So to keep me from becoming conceited because of the surpassing greatness of the revelations, a thorn was given me in the flesh, a messenger of Satan to harass me, to keep me from becoming conceited. Three times I pleaded with the Lord about this, that it should leave me. But he said to me, “My grace is sufficient for you, for my power is made perfect in weakness.” [2 Corinthians 12:7-9a (ESV)]
Paul was speaking metaphorically of his thorn and whether it was a spiritual, emotional, physical affliction, or something else entirely, we don’t know. Since Paul dictated his letters, some speculate that that he had poor eyesight: perhaps cataracts or macular degeneration. Then again, severe arthritis in his hands may have prevented him from holding a stylus. Paul may have had a chronic medical problem such as gout, migraines, severe asthma, or spinal stenosis. It may have been a person: perhaps, Alexander the metalsmith who was harming his ministry. Considering the number of times the apostle was arrested, the thorn may have been an old injury from the many beatings inflicted upon him. Paul even may have suffered from bouts of depression or the 1st century equivalent of Chronic Fatigue Syndrome. The identity of his thorn (or even thorns) is unimportant to us. It is how Paul dealt with his thorn that matters.
This last year has been challenging for many of us; it certainly has been for me. Rather than a single thorn, I feel like I’ve fallen head-first into an enormous patch of thistles or spiny hawthorns. Along with a never-ending pandemic and the disruption Covid-19 has brought to our daily lives, I’ve been dealing with a variety of painful health issues, the deaths of several loved ones, and a recurring case of the glums and gloomies. There has been far too little sleep and laughter and far too many tears and pain.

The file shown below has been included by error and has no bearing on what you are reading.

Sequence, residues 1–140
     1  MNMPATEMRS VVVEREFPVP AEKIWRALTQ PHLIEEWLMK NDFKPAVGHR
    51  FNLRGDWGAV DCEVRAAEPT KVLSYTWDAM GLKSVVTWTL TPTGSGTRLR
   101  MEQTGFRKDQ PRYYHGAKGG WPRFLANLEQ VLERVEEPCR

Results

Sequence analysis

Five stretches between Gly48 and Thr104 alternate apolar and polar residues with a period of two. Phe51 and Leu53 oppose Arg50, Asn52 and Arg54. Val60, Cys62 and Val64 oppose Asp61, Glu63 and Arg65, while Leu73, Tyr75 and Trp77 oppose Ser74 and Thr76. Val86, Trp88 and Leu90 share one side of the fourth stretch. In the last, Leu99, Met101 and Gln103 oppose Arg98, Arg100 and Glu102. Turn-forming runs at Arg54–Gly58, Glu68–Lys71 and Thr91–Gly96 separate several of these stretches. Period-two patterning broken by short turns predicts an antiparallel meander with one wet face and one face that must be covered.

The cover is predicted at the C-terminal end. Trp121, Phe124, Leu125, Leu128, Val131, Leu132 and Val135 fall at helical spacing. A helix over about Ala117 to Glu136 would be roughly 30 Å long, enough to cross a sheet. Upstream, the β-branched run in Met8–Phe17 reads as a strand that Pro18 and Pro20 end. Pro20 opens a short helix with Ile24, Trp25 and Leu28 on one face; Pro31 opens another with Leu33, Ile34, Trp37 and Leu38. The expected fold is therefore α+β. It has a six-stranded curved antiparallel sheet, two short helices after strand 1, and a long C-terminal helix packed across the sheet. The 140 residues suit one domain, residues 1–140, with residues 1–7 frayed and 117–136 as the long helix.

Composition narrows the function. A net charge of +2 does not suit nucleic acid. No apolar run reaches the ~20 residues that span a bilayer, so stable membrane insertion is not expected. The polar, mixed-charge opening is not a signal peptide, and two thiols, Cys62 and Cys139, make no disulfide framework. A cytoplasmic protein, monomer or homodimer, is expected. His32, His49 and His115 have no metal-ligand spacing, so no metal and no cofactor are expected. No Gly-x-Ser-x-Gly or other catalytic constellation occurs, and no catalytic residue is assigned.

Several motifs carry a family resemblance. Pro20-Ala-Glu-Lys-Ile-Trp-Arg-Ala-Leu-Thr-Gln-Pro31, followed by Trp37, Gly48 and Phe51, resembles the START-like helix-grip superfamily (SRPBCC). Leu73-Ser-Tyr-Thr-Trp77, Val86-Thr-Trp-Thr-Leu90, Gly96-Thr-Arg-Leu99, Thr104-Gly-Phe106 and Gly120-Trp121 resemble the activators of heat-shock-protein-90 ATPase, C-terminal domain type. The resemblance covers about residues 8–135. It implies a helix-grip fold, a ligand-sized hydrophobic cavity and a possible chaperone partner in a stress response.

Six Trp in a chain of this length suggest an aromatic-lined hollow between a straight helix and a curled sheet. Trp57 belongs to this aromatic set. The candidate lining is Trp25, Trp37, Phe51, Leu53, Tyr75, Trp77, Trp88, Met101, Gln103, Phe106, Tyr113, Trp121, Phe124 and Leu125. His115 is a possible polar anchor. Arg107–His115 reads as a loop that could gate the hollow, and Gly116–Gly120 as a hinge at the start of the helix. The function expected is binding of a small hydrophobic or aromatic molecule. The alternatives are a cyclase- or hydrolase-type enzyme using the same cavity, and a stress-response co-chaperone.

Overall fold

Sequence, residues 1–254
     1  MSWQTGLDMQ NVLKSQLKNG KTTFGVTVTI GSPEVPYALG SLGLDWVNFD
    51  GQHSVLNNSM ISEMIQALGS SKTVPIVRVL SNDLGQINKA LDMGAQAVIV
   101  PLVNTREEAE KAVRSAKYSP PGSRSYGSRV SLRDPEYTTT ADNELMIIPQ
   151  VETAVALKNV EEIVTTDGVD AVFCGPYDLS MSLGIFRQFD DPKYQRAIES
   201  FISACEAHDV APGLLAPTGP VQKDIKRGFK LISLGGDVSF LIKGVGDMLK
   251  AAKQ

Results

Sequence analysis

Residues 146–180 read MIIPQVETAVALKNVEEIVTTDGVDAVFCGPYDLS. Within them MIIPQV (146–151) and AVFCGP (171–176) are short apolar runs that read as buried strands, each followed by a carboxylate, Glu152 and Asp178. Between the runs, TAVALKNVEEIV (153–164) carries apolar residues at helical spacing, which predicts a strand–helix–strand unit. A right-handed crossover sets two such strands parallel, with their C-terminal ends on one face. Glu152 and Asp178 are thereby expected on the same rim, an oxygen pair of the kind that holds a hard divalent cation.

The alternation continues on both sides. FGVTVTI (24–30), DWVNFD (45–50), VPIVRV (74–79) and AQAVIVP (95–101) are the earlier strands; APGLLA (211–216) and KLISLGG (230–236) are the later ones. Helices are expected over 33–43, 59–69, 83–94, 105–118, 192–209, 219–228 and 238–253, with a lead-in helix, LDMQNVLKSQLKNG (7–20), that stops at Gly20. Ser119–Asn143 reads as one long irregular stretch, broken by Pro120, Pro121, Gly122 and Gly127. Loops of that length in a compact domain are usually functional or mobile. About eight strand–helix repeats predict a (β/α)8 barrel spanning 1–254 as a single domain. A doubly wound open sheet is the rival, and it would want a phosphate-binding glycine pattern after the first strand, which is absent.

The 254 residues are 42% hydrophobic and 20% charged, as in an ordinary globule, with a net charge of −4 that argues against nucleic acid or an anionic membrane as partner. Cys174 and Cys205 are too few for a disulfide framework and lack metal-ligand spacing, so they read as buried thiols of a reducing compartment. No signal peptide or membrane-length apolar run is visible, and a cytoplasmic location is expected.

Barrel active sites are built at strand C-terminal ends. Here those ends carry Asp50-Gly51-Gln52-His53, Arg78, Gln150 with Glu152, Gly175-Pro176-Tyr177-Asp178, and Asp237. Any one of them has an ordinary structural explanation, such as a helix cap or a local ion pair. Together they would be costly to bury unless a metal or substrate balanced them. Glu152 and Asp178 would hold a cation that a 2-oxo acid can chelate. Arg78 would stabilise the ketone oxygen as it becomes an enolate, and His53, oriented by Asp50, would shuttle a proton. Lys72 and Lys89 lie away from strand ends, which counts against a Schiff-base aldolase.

Like Paul, in my initial prayers I pled for relief. Perhaps, he made the same argument as did I and patiently explained to God how much more effective he’d be in his ministry without that pesky thorn. Unlike Paul, however, I didn’t stop at a mere three times before understanding (and accepting) that God’s power “is made perfect in weakness.” Eventually, I understood that God’s denial of relief didn’t mean He failed a test of His love for me and realized that I was undergoing a test of how much I loved and trusted Him! Although I wanted the emotional, spiritual, and physical pain to go away, God had other plans; He was doing a bit of unwelcome “character building.”
Having just revealed to the Corinthians that he’d been caught up to Paradise where he saw and experienced such amazing things that he was incapable of expressing them, Paul explained that he’d been given the thorn to keep him from becoming proud, arrogant, or big-headed because of what had been revealed to him. Although I haven’t had such an extraordinary spiritual experience as Paul’s, I did need a lesson in Christ-like humility and a few thorns to keep me mindful of my need for God’s power!
Thorns drive us to acknowledge our weaknesses and make us depend on Christ for strength so that His power can surround and enable us! Accepting that God’s grace is sufficient for my needs, my prayers have become simpler and far less demanding. Trusting Him for tomorrow, I simply ask that He grant me grace enough to get through today! Indeed, His power is made visible in my weakness.